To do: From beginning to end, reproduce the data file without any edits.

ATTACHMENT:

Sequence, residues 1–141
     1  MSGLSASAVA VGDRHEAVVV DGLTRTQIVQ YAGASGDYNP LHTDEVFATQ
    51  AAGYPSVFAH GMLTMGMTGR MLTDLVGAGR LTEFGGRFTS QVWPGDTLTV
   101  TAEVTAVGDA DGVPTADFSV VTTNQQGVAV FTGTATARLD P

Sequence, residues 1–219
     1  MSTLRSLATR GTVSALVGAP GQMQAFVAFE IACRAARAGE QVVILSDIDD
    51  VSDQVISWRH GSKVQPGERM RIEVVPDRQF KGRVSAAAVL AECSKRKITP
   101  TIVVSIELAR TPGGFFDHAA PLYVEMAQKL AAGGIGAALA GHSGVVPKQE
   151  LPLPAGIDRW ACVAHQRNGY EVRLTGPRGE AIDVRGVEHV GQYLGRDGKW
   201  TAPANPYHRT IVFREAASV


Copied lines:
Sequence, residues 1–141
     1  MSGLSASAVA VGDRHEAVVV DGLTRTQIVQ YAGASGDYNP LHTDEVFATQ
    51  AAGYPSVFAH GMLTMGMTGR MLTDLVGAGR LTEFGGRFTS QVWPGDTLTV
   101  TAEVTAVGDA DGVPTADFSV VTTNQQGVAV FTGTATARLD P

Sequence, residues 1–219
     1  MSTLRSLATR GTVSALVGAP GQMQAFVAFE IACRAARAGE QVVILSDIDD
    51  VSDQVISWRH GSKVQPGERM RIEVVPDRQF KGRVSAAAVL AECSKRKITP
   101  TIVVSIELAR TPGGFFDHAA PLYVEMAQKL AAGGIGAALA GHSGVVPKQE
   151  LPLPAGIDRW ACVAHQRNGY EVRLTGPRGE AIDVRGVEHV GQYLGRDGKW
   201  TAPANPYHRT IVFREAASV